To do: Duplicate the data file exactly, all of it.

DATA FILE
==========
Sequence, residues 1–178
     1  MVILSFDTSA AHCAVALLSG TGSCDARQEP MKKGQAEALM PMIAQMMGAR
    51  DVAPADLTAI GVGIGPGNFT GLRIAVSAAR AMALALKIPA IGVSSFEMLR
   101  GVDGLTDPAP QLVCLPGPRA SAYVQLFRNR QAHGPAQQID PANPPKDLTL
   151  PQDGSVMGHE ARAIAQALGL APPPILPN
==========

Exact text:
Sequence, residues 1–178
     1  MVILSFDTSA AHCAVALLSG TGSCDARQEP MKKGQAEALM PMIAQMMGAR
    51  DVAPADLTAI GVGIGPGNFT GLRIAVSAAR AMALALKIPA IGVSSFEMLR
   101  GVDGLTDPAP QLVCLPGPRA SAYVQLFRNR QAHGPAQQID PANPPKDLTL
   151  PQDGSVMGHE ARAIAQALGL APPPILPN